• If you / Don't know / Whose signs / These are / You can't have / Driven very far

Special promotional messages

  • Free offer! Free offer! / Rip a fender off your car / mail it in / for a half-pound jar / Burma-Shave
A large number of fenders were received by the company, which made good on its promise.[6]
  • Free — free / a trip to Mars / for 900 / empty jars / Burma-Shave
One respondent, Arlyss French, who was the owner of a Red Owl grocery store, did submit 900 empty jars; the company replied: "If a trip to Mars / you earn / remember, friend / there's no return." The company, on the recommendation of Red Owl's publicity team, sent him on vacation to the town of Moers (often pronounced "Mars" by foreigners) near Duisburg, North Rhine-Westphalia, Germany.[7][8]

In popular culture

A number of movies and television shows set between the 1920s and '50s have used the Burma-Shave roadside billboards to help set the scene. Examples include Bonnie and Clyde, A River Runs Through It, The World's Fastest Indian, Stand By Me, Tom and Jerry, M*A*S*H and the pilot episode ("Genesis") of Quantum Leap. The long-running series Hee Haw borrowed the style for program bumpers, transitioning from one show segment to the next or to commercials.

Roger Miller's song "Burma Shave" (the B-side to his 1961 single "Fair Swiss Maiden") has the singer musing that he's "seen a million rows of them little red poles and its signs up and down the line", while reciting rhymes in the manner of the ads. Tom Waits' song "Burma-Shave" (from his 1977 album Foreign Affairs) uses the signs as an allegory for an unknown destination. ("I guess I'm headed that-a-way, Just as long as it's paved, I guess you'd say I'm on my way to Burma-Shave") Chuck Suchy's song "Burma Shave Boogie" (from his 2008 album Unraveling Heart) incorporates several of the Burma Shave rhymes into its lyrics.

The pedestrian passageway between the Times Square and Port Authority Bus Terminal stations in the New York City subway system contains a piece of public art inspired by the Burma-Shave ads; Norman B. Colp's The Commuter's Lament, or A Close Shave consists of a series of signs attached to the roof of the passageway, displaying the following text:[9]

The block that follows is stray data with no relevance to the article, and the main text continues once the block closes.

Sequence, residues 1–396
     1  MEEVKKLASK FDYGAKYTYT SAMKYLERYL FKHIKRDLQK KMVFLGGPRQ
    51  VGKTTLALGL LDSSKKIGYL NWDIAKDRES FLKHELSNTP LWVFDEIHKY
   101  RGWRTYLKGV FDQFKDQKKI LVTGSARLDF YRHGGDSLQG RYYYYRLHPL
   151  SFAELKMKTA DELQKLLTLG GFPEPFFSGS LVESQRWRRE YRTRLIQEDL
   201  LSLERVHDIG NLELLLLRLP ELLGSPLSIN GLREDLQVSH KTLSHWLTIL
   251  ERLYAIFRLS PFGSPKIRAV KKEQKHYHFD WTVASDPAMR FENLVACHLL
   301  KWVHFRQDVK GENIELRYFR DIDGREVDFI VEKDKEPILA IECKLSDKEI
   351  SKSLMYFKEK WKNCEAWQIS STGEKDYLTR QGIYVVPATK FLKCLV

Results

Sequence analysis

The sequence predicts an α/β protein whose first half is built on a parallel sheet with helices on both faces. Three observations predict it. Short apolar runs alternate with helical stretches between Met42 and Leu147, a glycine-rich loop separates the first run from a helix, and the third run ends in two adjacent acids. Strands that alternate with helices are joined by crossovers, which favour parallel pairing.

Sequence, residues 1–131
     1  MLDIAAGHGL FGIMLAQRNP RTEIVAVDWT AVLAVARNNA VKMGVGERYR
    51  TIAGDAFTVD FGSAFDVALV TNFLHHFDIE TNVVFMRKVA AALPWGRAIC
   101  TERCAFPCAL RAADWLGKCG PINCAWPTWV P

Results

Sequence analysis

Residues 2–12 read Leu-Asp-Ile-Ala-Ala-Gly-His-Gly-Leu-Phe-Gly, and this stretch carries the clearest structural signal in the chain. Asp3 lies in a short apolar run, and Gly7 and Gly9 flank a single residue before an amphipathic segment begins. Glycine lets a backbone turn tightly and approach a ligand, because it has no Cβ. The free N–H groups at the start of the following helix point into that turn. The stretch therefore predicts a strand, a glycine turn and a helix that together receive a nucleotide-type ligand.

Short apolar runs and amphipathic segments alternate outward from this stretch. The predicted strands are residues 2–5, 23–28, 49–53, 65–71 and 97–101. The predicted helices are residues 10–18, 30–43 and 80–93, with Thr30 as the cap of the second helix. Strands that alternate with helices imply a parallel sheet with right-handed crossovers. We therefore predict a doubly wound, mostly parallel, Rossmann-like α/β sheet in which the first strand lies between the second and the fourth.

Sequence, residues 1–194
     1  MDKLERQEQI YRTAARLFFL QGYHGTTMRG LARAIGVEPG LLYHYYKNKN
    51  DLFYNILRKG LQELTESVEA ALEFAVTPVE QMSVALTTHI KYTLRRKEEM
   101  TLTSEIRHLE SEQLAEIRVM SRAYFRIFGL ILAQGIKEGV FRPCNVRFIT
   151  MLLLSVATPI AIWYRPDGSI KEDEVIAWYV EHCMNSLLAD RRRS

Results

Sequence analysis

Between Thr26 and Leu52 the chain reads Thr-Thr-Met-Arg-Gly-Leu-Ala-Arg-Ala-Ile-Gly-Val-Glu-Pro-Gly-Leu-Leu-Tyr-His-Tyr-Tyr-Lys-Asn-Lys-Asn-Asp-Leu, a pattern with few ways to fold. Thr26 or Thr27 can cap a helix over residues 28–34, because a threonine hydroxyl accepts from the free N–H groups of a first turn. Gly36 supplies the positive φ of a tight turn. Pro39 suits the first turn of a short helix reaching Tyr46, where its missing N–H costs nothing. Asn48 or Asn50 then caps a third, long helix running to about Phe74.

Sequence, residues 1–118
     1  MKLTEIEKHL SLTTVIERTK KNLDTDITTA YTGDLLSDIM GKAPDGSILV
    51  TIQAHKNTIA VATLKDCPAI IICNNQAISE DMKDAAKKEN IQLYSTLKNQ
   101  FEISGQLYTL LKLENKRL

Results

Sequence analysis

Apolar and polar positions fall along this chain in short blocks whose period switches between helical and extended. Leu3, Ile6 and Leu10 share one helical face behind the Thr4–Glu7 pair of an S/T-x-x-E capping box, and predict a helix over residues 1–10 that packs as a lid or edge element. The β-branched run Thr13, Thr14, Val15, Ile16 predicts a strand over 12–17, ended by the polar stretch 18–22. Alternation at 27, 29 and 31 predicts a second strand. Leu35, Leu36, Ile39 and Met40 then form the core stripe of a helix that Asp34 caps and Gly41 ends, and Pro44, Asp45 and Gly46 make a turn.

Overslept, / So tired. / If late, / Get fired. / Why bother? / Why the pain? / Just go home / Do it again.

Several highway departments in the United States use signs in the same style to dispense travel safety advice to motorists.

Several writers of doggerel and humorously bad poetry (such as David Burge), often use "Burma Shave" on the last line of their poems to indicate their non-serious nature.

An example of political "burmashaving" signs at Confusion Corner, Winnipeg.

The word "burmashaving" is used in Canada to describe politicians holding signs and waving to traffic by the side of the road, a common sight during election campaigns.[10][11] One of the first to use the phrase was Nova Scotia Progressive Conservative premier John Buchanan, who would stand at the end of a long line of party signs and wave to morning traffic.[12][13]

See also


  1. ^
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  9. ^
  10. ^ "Yes, that was Glen Murray waving at traffic today." Winnipeg Free Press, 29 April 2011.
  11. ^ "Election apathy even hits voters' bellies." The Royal City Record, New Westminster, British Columbia, 13 April 2011.
  12. ^
  13. ^

External links

  • The Burma-Shave rhymes
  • More Burma-Shave rhymes
  • Burma Shave signs